Kudos to The Monroe News-Star’s Barbara Leader for pointing out that maybe, just maybe, the emperor is butt nekid. The paper reported that scheduled conference calls between Board of Elementary and Secondary Education members, the Department of Education and Superintendent John White to discuss key agenda items before public BESE meetings appear to violate the state’s open meetings law. In an effort to avoid a quorum, at least two conference calls were scheduled to address single matters before the board. In good-government parlance it’s called a “walking quorum” because such meetings of a public body are required by law to be at a fixed location, advertised ahead of time and open to the public. Conference calls meet none of those criteria. While BESE’s lawyer says the calls do not run afoul of Louisiana law, two BESE members — Carolyn Hill and Lottie Beebe — declined to participate in recent calls due to concerns they might be illegal. And member Connie Bradford, who did participate, referred to them as “meetings.”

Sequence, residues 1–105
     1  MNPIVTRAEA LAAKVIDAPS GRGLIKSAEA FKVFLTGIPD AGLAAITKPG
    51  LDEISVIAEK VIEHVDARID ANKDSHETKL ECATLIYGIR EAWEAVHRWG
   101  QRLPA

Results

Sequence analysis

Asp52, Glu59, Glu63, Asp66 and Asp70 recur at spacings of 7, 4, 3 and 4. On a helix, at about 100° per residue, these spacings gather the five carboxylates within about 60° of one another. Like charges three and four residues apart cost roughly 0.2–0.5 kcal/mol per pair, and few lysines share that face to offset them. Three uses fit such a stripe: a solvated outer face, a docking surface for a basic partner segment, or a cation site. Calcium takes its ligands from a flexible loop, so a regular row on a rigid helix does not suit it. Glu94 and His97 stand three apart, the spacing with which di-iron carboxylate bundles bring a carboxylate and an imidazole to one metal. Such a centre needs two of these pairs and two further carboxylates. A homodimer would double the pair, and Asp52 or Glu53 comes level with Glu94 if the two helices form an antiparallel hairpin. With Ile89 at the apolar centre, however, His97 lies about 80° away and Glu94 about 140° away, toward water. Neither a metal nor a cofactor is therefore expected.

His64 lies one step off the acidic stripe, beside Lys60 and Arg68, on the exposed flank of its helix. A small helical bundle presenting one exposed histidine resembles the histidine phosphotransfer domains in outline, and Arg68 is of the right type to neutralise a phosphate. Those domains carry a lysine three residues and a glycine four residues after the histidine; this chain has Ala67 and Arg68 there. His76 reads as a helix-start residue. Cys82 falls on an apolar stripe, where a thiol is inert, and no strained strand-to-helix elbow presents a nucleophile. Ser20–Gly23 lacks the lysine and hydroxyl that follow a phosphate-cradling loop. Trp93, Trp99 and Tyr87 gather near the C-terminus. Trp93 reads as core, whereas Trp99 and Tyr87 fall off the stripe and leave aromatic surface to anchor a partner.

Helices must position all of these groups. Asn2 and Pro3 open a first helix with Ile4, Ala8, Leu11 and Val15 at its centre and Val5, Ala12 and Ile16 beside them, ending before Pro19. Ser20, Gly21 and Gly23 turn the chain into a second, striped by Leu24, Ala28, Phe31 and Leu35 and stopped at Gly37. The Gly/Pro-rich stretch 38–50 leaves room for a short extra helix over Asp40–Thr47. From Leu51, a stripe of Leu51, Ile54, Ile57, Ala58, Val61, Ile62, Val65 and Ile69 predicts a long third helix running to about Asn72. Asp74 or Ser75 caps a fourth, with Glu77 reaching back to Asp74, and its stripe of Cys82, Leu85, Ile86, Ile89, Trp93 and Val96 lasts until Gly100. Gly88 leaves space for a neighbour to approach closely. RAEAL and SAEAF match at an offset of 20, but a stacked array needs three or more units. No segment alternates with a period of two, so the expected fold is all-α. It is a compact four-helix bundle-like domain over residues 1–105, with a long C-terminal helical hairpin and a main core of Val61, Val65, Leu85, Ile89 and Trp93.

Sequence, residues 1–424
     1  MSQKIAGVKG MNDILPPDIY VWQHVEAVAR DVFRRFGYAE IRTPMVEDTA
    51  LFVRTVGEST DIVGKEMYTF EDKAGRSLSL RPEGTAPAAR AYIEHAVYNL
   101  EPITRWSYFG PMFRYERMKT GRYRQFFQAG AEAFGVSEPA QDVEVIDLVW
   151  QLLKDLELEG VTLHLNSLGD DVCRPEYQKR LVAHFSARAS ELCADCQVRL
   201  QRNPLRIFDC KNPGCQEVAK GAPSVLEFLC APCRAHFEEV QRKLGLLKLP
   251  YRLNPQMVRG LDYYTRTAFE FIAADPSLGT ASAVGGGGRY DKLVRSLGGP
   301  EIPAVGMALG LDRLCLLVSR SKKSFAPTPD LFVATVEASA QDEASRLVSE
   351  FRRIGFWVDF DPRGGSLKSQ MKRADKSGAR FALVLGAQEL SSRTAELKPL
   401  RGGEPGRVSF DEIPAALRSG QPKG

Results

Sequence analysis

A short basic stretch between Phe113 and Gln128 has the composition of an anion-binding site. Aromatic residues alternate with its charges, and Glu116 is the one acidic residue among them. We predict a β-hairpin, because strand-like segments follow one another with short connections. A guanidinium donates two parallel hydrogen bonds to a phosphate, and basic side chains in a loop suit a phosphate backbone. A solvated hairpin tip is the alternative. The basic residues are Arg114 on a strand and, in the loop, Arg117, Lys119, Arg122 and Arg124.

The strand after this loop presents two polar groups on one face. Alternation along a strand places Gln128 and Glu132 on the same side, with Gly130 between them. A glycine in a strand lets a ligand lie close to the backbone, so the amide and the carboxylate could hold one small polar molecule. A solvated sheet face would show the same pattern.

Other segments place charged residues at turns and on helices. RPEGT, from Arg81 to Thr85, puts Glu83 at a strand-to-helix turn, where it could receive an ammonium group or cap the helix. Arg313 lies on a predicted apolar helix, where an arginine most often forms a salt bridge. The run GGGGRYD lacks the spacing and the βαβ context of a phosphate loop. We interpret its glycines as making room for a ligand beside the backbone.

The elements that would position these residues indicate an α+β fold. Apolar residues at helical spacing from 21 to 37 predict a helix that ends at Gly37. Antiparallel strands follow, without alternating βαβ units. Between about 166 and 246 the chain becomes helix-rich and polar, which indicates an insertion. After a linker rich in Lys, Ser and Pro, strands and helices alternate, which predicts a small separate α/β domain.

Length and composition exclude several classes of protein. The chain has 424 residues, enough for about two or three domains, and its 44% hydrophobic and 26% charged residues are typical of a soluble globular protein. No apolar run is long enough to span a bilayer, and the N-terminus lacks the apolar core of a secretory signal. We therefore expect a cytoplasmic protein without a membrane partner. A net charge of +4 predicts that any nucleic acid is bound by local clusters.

"Although the administration is moving forward with climate change regulations at home, we don't consider how policy decisions in the United States impact greenhouse gas emissions in other parts of the world," says Roger Martella, the former general counsel at the Environmental Protection Agency under President George W. Bush.
Louisiana agriculture officials say prices for long-grain rice are projected to drop this year.
First-time claims for unemployment insurance in Louisiana for the week ending July 19 decreased from the previous week's total.